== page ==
One wonders why the VIP has to be ushered into a holding room – another peculiar Malaysian practice – before he makes his grand entrance into the ballroom.

I have attended enough events in Britain and the United States, where VIPs would just walk straight into the function hall without any fanfare.

In London, then mayor Boris Johnson cycled to the opening of a property development site and in Sydney, the mayor parked his car a short distance away and walked to the venue!

He introduced himself to his (very) surprised Malaysian audience – and of course, there was no entourage fussing around him to make him look important, another one of our local standard operating procedure.

To be fair, not all of our VIPs are spoilt silly. Sometimes, it is their officers who make a fuss over these formal arrangements to the event’s host.

Those in the royal circles, who have a career in protocol, push even harder – even when the heads of states themselves do not demand it.

His Highness Sultan Sharafuddin Idris Shah of Selangor does not even allow waiters to get the napkins ready for him before his meals, insisting on doing it himself.

The Ruler drives his own car often to functions and tells his police motorcade not to put the sirens on because to him, there was no need to put on such a display of importance.

The Sultan of Johor, Sultan Ibrahim Ibni Almarhum Sultan Iskandar, sportingly poses for selfies with his subjects often, sending his security and protocol officers into a frenzy many times.

And most of the time, he drives his car himself. Often, he makes a stop and have a meal at roadside shops, without prior notice. For breakfast, he goes to a mamak restaurant for roti canai quite regularly, again without fuss or advance notice.

At the Cabinet level, Datuk Mustapa Mohamed, the Minister of International Trade and Industry, is certainly the most down-to-earth minister from Umno.

Travellers taking the ERL from KL Sentral to KLIA often see Mustapa travelling alone or taking a flight on Economy Class home to Kelantan. He does not see the need to shout about it or have his officers post a picture on Instagram to get publicity.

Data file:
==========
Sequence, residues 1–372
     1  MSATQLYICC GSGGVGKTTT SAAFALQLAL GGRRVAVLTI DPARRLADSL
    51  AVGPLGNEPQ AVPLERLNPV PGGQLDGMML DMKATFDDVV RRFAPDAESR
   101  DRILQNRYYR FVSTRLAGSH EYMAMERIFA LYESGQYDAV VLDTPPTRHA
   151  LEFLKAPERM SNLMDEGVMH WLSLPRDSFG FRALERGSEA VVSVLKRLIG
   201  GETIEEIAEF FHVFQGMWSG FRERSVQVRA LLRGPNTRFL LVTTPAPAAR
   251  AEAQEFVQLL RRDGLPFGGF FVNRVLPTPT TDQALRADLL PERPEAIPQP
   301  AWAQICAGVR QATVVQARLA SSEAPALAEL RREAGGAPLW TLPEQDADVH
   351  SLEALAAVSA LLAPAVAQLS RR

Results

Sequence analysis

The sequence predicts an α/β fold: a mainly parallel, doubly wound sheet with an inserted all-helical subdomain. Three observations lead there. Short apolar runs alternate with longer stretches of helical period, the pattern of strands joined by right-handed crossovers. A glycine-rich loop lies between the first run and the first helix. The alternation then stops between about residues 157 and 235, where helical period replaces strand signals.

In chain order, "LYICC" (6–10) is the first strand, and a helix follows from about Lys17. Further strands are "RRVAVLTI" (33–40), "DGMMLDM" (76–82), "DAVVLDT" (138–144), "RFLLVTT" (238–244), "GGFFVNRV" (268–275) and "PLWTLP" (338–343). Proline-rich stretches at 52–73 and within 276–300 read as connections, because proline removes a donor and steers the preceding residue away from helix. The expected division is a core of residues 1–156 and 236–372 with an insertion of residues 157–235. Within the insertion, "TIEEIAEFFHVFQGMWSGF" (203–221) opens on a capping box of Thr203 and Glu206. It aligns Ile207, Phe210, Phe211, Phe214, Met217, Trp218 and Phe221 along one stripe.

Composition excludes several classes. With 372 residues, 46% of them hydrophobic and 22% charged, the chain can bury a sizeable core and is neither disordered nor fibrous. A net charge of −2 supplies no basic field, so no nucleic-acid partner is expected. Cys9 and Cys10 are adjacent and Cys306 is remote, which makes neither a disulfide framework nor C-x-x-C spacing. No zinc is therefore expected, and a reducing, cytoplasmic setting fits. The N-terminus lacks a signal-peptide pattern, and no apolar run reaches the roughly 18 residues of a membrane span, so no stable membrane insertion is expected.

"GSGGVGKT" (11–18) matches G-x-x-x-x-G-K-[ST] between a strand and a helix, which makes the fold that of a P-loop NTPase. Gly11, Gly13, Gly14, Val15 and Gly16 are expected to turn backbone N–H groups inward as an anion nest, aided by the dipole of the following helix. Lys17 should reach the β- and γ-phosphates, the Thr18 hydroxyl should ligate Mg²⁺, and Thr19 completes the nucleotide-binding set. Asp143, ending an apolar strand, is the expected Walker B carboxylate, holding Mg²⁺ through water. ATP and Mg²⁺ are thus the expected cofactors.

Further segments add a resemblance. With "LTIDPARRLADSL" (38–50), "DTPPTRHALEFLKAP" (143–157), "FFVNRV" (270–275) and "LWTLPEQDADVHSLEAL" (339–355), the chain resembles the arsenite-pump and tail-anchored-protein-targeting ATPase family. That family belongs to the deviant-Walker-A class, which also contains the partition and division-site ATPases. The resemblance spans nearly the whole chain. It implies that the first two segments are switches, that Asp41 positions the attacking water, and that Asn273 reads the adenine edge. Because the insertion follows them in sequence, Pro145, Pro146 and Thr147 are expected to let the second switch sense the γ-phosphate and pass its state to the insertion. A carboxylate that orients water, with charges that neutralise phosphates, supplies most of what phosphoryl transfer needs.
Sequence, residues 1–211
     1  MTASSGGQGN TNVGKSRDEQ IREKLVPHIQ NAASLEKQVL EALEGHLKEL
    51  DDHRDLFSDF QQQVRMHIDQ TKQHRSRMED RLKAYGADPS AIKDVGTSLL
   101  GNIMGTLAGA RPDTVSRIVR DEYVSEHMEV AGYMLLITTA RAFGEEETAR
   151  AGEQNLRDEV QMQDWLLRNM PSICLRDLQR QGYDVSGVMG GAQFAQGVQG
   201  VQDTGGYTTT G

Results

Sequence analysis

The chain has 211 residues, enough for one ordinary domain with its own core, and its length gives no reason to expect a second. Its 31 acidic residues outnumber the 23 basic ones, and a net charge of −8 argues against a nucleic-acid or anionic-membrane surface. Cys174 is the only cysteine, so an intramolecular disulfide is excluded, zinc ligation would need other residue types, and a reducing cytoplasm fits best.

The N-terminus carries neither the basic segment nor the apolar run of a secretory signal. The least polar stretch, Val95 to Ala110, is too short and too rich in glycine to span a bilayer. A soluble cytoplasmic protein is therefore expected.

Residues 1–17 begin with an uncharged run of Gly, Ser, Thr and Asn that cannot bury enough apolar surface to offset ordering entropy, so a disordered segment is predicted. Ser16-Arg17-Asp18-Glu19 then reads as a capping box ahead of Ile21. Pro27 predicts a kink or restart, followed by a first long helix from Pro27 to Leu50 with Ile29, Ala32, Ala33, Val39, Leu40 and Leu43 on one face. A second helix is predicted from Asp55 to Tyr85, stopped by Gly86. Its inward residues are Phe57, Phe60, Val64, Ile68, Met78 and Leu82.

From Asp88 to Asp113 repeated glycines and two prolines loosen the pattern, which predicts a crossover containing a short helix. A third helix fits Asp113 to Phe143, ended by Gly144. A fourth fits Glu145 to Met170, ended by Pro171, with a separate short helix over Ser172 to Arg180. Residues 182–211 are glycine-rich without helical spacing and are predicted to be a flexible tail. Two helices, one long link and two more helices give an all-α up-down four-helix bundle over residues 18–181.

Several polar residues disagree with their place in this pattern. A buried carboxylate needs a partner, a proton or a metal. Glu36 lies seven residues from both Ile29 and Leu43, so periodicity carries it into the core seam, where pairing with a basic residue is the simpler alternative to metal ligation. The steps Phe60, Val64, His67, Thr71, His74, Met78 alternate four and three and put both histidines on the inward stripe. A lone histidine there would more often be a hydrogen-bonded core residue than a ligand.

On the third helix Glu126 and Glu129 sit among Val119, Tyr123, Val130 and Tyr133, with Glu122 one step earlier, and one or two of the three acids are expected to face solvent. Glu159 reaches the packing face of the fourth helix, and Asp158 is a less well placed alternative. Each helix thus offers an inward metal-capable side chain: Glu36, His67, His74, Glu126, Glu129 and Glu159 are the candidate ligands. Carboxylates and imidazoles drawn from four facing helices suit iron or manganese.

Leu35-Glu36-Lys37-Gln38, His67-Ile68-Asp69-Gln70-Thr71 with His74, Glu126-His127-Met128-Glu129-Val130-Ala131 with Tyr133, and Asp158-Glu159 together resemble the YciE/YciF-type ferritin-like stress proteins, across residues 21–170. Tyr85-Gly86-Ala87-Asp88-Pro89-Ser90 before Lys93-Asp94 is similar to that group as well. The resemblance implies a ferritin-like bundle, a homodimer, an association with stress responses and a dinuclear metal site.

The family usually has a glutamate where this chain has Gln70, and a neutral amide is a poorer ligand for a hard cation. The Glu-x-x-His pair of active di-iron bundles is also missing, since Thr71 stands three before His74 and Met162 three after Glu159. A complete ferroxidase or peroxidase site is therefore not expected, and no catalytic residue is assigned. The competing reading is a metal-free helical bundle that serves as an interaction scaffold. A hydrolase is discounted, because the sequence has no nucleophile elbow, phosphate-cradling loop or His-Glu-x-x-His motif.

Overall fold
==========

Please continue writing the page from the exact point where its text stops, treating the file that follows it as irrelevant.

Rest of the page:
Permodalan Nasional Bhd chairman Tan Sri Abdul Wahid Omar insisted on moving around on his own, without the need for bodyguards, when he was in charge of the Economic Planning Unit (EPU). The same can be said of Datuk Seri Idris Jala, who is now chief executive officer of the Performance Management and Delivery Unit (Pemandu).

Perhaps their non-political background helps but having said that, there are corporate figures who are even more status-conscious than politicians.

And seriously, what do Malaysian VIPs do with gifts or “token of appreciation” items presented to them at the end of every function? Yep, they are probably gathering dust in some room filled to the brim with other such items in Putrajaya.

At one time, there was a proposal that only a basket of fruits be given as it was more practical but it never got off the ground.

Likewise, this article will have no impact on the issue.

I wish to thank the “Tun Tun, Toh Puan Toh Puan, Tan Sri Tan Sri, Puan Sri Puan Sri, Datuk Seri Datuk Seri, Datin Seri Datin Seri, Datuk Datuk, Datin Datin, tuan tuan dan puan puan yang dihormati sekalian” for reading this.

The trouble with titles

THIS has to be a record of some sort – a notorious gang of 60 hardened criminals including four low-level politicians with the titles of Datuk and a Datuk Seri, has been netted in a series of swoops.

The Gang 360 Devan gang, involved in murder, drug-pushing, luxury car theft and hijacking, has to be the gang with the most number of titled leaders.

Then, there is also the leader of the notorious Gang 24 – a Datuk Seri – who was among 22 men held in another spate of arrests.

Last December, a gang leader known as Datuk M or Datuk Muda was shot dead by his bodyguard while they were driving along the Penang Bridge. The Datuk was a detainee at the Simpang Renggam centre.

A day later, a video went viral showing a heavily tattooed man being violently beaten up by a group of men believed to be gangsters, at the late Datuk’s funeral.

Three days ago, there was a series of arrests by the Malaysian Anti-Corruption Agency (MACC) which saw a number of Datuks being arrested and charged.

If we hold the record of being the country which has the highest ratio of government servants, we may also soon be the country with the most number of titled people.

And if we are not careful, we could well be a country which has the most titled criminals.

The people being conferred a Datukship seem to be getting younger and some are surprisingly under 30 years old, which begs the question – what have these youngsters contributed to society to deserve such titles?

Last October, Singapore’s Straits Times carried prominently a news report of a teenager who purportedly became the youngest “Datuk” in the country.

“The image that went viral shows the apparent recipient of the title standing in a crowded waiting room while dressed in ceremonial attire with the caption reading: “Youngest Dato in Malaysia … 19 years.”

The Malaysian media, which carried the news earlier, has not been able to verify the age of the person in the photo. And no one has denied the authenticity of the article, not even the person in the photo, who may actually be older than he looks.